Cave swallows chirp in high-pitched voices while circling the gaping hole that constitutes the Natural Entrance to Carlsbad Caverns. Approaching it on the foot path from the visitor center, my husband and I gaze into darkness from a bright day, and once we are swallowed up by the gullet, we leave blue sky and sunshine behind. Our eyes need a few minutes to adjust to the surrounding dimness. Strategically located artificial lights illuminate the subterranean space and without them, we wouldn’t be able to see our hands in front of our eyes. The drop in temperature parallels the trail’s decrease in elevation. From the high 80s, it plummets 30 degrees, to the average year-round temperature in the mid 50s. The humidity, on the other hand, climbs from 10 to nearly 90 percent, and our skin feels cool and clammy for the first time since we entered New Mexico’s Chihuahuan Desert one week prior.
We pass a sign pointing to a side tunnel whence tens, if not hundreds of thousands, of Brazilian free-tailed bats appear every evening between March and October, having migrated from Mexico, Central, or South America. 400,000 was the highest, mind-boggling count ever recorded. This species of bat is one of 16 in the park, but constitutes the most celebrated and numerous of the flying mammals whose presence likely alerted humans to the caves throughout the ages. The bat residence is off limits for human visitors, but we were fortunate to witness their emergence on the previous evening and now envision them suspended upside-down from the roof of their bedroom, snoozing and digesting, following a night of hunting.
Switchbacks take us steadily down, and we catch a glimpse of the imposing height of a first wide cavern, our conduit to even deeper spaces. After a one-mile descent, we reach the rest area, 755 feet below the surface. Restrooms, picnic tables, vending machines and kiosks filled with curios, and elevators that typically transport the wanderers back to daylight, appear out of place, reminders of this other world we left behind. Here, also, lies the beginning of two more tours, one ranger-guided, requiring a reservation, the other a self-guided trek around the famous “Big Room”, named aptly, if a bit unimaginatively. The trail that circles and traverses this chamber also measures one mile and is relatively even, with only a few mild rises and dips. It affords close-up views of the artful designs that adorn the caves. Not being spelunkers, we learn an exotic, delicious new word and let it melt on our tongues: speleothem. This comprises the stalagmites, stalactites, columns and various other shapes fashioned by the action of mineral-rich droplets of water, resulting in a wonderland of figures which engender flights of fancy. They range from marble-, to colossal-sized, from lacy lightness to ponderous heft. In our mind’s eye we discern icebergs, snow cones, bones, whales’ baleen, Portuguese Men of War, dwarves, sentries, and moss growing off the ceiling. Draperies resemble delicate fabrics hung from the ceiling, and it is easy to envision them fluttering in an imaginary breeze. Where I see cauliflower and small icicles, earlier observers were reminded of popcorn and soda straws, a distinctly American touch. A less savory example among the creative appellations is “snottite”, or “snoticle”—no further description necessary.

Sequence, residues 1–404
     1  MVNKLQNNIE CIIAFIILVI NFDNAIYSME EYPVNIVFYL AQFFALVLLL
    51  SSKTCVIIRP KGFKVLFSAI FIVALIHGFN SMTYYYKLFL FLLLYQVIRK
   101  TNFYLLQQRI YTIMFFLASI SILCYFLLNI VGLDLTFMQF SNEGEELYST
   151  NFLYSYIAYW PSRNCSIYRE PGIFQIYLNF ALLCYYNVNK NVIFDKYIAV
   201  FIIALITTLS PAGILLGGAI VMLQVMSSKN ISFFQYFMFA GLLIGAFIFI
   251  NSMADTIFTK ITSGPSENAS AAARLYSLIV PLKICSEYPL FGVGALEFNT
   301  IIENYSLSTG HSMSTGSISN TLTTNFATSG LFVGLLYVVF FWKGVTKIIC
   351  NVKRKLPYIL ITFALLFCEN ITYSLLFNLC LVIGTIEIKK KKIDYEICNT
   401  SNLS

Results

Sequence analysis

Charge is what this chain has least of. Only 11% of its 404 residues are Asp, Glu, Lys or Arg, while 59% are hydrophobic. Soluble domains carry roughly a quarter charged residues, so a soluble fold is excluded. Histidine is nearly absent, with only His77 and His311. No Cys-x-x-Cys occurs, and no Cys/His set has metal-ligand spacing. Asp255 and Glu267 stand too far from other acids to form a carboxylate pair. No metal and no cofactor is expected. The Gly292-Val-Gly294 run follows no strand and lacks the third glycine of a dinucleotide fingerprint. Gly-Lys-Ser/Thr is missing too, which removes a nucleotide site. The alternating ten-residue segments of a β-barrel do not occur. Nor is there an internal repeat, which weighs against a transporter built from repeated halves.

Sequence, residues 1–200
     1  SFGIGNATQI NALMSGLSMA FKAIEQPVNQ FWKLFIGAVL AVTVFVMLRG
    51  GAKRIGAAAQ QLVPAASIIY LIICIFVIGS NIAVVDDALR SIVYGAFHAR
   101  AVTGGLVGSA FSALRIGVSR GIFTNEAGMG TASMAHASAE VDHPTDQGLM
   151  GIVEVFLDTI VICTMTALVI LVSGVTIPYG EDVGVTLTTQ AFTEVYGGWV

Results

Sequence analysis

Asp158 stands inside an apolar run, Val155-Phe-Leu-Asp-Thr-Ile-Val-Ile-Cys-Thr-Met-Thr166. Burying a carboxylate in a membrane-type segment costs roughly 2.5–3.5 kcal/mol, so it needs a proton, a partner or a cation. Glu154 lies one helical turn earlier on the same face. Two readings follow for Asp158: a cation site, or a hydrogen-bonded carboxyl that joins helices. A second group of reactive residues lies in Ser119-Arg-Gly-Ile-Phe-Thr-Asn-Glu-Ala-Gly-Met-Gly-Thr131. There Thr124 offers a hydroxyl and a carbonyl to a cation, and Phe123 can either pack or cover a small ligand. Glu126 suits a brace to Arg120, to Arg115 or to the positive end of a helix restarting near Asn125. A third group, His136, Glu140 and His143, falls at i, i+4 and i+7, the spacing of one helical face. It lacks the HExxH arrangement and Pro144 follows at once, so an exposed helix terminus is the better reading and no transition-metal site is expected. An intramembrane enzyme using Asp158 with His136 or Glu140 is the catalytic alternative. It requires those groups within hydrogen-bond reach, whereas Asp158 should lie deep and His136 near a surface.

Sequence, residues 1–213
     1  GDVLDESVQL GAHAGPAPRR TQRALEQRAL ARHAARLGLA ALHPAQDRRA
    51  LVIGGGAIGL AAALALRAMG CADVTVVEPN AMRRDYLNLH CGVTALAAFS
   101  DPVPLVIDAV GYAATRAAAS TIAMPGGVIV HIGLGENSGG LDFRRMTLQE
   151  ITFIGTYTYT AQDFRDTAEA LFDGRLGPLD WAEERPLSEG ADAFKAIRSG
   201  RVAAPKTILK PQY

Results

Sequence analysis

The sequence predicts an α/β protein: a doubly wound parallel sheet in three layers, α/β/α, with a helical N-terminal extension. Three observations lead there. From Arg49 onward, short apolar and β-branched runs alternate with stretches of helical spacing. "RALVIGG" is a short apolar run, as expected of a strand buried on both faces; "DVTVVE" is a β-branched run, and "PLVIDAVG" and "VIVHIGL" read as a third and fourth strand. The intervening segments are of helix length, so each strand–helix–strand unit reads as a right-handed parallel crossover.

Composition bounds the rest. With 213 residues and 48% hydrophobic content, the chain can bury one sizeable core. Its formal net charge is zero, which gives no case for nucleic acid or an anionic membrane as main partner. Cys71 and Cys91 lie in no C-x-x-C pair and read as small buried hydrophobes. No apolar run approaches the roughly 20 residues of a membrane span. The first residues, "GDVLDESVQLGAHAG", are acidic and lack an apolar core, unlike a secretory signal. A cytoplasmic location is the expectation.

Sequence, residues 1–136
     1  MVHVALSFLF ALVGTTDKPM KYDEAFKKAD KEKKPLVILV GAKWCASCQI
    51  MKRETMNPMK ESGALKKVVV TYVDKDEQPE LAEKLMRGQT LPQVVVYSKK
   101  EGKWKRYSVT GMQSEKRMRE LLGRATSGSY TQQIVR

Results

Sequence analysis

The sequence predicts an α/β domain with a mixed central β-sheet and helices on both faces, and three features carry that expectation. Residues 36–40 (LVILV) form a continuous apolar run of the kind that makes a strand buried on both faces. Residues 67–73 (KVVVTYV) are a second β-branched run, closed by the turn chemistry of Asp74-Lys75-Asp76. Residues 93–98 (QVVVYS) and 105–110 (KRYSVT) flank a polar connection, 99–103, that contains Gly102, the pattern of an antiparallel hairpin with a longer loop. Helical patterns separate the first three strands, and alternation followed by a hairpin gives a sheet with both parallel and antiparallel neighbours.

It comes as a surprise to us that 95% of all formations are considered dry, and, therefore, completed. We hear and feel heavy drops of water plummeting out of the dark and visualize the creation of yet another whimsical silhouette, reserved for future visitors to behold, 500 or 1000 years hence. Some of this water has accumulated in underground lakes which generate mirror images that exist only as reflections.
We can only speculate (or should I say speluncate?) what went through the minds of the first humans to enter these cavities, but it’s easy to relate to the sense of awe overcoming each new explorer. When step after dim step on terra firma, or on ladders made from tree branches and metal wire that hung into gaping gorges of unknown depth, revealed new passages and peculiar mineral deposits by the light of a candle, or oil lamp, fear of heights and darkness was untenable. Those who publicized their experience, did not lack in superlatives, and ever since word of this hidden realm reached the public, it has been the focus of unwavering interest.
Because the elevators that usually return guests to above ground have been out of service for over six months when we visit in May 2016, we are not tempted to ride, rather than walk, the serpentine route back to the entrance. This allows us to take our leave gradually, and to relive and relish once again the immense and wondrous sphere encircling us. Our enchantment from our all-too-brief glimpse through the window into the earth notwithstanding, we can’t help but wonder about hidden treasures in the one hundred-odd identified hollows scattered throughout this region, much less in those yet unknown.
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